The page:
It's not just the vocal range and guitar playing skills that Phoenix did an amazing job with while playing Johnny but also the fact he was able to convey the often desperate nature he had of needing to perform to feel alive and how he considered the other performers and audience audience to be his family that he always loved yet argued with. Excellent idea to bookend the movie with highlights of his innovative Folsom Prison Live performance in which he bonded with the inmates as though he was a long lost brother. Not a false note in Phoenix's performance in relating in that bond!
Also,while Johnny rightly gave credit to June and her parents for rallying around him to help him deal with his addictions and put him back on steady ground. One must ask if one reason he accepted their help/intervention was due to him literally worshiping them from childhood onwards? No doubt Vivianne wanted to end these addictions and it's quite likely one or more groupies may have attempted to enact a 'salvation' fantasy by trying to get him quit- but Johnny didn't worship any of these women the way he had June!
Not surprising that Johnny would worship June as a boy(named J R) because he was told that the one means he was able to feel alive(his music) was 'nothing' by his father and,on the radio, he could hear on the radio a child close to his age being praised and venerated by ADULTS for the very thing his own father constantly dismissed. And Reese was very believable as someone who'd more than held her own from an early age in what was then unquestionably a male-dominated profession- yet never lost her femininity or compassion. Reese definitely has earned her Best Actress Nomination here for capturing June's intense spirit- yet keeping her human and not letting her be a two-dimensional stereotype.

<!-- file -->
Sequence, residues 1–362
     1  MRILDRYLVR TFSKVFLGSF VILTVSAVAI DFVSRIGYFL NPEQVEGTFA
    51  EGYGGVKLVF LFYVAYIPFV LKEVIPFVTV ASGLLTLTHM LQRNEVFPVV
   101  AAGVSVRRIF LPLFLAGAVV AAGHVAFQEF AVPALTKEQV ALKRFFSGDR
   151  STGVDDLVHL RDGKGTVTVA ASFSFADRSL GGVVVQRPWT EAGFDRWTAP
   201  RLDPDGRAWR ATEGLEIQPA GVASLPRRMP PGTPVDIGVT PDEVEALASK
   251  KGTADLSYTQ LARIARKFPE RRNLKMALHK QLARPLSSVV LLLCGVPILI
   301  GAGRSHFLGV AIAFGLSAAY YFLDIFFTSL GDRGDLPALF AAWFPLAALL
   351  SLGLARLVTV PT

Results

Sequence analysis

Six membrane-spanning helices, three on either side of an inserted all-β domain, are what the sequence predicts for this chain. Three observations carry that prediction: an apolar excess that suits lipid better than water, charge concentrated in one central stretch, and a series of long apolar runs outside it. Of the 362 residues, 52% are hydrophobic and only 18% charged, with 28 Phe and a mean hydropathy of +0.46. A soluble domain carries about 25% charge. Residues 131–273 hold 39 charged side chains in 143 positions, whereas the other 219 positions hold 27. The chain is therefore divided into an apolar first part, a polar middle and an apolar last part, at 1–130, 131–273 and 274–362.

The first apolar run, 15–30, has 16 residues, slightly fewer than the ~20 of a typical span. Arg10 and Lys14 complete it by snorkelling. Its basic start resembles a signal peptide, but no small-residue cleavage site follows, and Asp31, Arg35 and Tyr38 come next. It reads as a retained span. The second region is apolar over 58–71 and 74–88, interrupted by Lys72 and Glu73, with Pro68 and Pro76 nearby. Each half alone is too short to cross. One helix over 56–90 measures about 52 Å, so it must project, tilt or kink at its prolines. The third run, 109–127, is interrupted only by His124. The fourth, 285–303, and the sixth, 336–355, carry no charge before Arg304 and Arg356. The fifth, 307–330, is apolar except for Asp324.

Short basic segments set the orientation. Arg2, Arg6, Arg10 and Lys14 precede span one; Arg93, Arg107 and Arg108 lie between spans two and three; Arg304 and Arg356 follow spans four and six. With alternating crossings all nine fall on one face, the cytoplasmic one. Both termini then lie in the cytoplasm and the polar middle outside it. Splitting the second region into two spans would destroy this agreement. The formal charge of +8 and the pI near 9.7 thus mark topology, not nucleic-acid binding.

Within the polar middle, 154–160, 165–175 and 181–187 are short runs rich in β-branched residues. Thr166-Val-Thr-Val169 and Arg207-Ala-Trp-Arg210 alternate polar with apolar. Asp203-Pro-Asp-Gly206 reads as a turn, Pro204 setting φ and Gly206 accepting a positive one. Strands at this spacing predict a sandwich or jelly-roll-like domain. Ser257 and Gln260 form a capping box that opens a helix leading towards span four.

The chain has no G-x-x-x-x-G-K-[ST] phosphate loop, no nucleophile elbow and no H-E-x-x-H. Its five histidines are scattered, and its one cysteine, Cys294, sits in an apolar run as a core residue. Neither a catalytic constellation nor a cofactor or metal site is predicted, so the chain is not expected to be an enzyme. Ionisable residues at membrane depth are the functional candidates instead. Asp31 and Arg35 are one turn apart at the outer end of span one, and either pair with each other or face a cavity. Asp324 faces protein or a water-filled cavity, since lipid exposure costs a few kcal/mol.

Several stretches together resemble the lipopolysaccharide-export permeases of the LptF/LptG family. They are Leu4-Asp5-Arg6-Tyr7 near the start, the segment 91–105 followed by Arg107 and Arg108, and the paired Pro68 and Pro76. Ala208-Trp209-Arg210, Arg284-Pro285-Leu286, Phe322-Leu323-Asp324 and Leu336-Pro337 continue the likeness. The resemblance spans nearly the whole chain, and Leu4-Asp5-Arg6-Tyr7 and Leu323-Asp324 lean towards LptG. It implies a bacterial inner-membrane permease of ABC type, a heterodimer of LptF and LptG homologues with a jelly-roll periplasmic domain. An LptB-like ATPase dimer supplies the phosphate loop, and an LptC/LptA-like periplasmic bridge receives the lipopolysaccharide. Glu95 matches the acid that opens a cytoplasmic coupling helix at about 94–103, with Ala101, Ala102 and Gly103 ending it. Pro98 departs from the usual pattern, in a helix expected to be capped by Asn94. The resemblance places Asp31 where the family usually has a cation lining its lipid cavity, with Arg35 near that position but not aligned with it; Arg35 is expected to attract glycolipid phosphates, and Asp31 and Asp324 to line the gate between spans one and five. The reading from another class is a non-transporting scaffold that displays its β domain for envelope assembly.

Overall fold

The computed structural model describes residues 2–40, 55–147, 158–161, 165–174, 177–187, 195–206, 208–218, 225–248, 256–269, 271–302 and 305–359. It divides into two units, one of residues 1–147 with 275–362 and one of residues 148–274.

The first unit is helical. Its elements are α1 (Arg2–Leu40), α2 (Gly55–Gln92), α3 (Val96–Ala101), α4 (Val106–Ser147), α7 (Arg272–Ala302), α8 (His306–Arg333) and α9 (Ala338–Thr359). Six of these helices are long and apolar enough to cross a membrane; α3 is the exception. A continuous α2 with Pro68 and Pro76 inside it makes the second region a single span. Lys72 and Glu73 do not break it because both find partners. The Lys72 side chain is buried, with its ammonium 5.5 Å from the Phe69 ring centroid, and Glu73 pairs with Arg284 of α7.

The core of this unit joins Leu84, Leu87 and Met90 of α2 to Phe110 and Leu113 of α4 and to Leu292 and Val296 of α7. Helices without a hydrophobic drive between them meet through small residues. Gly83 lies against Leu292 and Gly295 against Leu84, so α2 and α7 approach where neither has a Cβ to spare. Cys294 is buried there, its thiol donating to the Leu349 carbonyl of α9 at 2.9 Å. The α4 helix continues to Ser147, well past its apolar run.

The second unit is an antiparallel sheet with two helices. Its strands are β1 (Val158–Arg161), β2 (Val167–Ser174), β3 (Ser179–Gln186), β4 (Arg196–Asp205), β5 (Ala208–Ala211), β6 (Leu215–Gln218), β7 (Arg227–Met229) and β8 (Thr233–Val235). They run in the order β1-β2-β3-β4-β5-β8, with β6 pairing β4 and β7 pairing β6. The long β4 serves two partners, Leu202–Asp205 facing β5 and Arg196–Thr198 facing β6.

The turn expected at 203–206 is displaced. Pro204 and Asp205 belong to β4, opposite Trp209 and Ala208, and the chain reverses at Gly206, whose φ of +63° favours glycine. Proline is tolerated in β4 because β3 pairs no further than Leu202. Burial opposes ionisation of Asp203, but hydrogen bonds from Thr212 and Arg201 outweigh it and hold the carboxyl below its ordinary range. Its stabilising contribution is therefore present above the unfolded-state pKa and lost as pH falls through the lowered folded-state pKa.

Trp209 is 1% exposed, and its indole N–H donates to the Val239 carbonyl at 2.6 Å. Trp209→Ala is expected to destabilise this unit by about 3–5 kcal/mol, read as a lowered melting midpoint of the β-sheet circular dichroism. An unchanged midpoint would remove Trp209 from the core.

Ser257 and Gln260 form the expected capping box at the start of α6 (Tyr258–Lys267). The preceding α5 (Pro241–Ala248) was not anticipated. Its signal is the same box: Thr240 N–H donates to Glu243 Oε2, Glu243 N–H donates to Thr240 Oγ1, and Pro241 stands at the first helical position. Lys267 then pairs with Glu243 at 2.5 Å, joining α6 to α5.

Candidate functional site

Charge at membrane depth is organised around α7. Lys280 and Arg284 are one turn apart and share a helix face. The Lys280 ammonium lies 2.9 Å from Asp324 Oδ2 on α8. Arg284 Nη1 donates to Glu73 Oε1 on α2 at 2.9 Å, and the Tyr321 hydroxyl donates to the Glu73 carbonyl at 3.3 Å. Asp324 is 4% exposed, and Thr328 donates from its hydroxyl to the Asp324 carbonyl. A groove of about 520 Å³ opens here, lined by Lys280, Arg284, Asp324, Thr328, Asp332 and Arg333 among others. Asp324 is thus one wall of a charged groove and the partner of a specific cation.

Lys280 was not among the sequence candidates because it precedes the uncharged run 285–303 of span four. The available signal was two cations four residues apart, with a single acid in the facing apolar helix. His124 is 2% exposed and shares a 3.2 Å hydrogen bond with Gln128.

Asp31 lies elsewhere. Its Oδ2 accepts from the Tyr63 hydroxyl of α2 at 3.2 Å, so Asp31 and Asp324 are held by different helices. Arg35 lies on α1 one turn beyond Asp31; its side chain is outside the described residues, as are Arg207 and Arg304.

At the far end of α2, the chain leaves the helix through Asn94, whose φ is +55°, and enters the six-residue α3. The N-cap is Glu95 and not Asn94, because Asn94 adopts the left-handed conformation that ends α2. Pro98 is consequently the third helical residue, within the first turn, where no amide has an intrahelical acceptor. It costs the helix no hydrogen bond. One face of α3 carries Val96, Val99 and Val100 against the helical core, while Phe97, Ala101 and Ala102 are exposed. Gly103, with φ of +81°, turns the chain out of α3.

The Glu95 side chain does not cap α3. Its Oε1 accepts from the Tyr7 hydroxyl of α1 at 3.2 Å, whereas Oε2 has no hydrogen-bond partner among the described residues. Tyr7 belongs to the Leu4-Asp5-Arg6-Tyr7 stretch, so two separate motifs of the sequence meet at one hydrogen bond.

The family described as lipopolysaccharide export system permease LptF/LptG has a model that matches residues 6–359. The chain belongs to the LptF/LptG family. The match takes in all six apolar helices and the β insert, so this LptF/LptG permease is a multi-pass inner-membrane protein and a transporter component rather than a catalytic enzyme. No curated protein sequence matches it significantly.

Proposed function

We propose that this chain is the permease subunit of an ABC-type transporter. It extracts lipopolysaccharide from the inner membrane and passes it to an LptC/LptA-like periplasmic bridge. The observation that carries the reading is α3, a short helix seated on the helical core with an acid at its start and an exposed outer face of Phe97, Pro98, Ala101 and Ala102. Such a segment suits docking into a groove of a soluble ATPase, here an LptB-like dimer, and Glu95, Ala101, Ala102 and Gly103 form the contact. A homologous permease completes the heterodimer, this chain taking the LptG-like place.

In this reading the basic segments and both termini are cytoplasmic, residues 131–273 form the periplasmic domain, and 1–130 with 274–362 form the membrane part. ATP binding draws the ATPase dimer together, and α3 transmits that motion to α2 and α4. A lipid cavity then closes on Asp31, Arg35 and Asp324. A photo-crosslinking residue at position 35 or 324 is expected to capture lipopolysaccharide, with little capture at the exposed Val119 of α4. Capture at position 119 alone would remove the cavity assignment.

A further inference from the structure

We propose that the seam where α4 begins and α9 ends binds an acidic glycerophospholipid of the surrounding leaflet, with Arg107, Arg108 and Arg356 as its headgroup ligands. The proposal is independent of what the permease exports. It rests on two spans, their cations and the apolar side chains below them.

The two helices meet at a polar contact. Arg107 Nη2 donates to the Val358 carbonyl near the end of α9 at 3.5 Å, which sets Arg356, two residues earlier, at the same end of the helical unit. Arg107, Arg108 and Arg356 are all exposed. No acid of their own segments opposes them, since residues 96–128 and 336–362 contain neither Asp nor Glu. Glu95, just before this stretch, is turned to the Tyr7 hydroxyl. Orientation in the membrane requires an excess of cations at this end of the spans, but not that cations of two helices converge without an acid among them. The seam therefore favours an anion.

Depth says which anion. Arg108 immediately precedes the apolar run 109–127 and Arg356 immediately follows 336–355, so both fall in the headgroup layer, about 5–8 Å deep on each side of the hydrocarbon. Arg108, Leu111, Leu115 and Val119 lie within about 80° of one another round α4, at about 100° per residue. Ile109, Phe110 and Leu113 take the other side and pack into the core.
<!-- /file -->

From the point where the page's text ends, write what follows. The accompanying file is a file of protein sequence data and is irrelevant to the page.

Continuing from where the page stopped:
Robert Patrick did an amazing job with a rather unlikable character of Ray Cash- and one can't help but wonder if the movie (and Johnny himself) may have toned down the REAL Ray Cash's hateful and belittling personality- though it must be said that even though Ray finally grudgingly admitted being envious of Johnny for being able to tell a story, he DID seem to be there for his granddaughters when their father wasn't.
This movie may not have every picayunish detail of Johnny's life depicted with flawless accuracy but I think it legitimately captured the essence of what made him tick as best as any movie could have.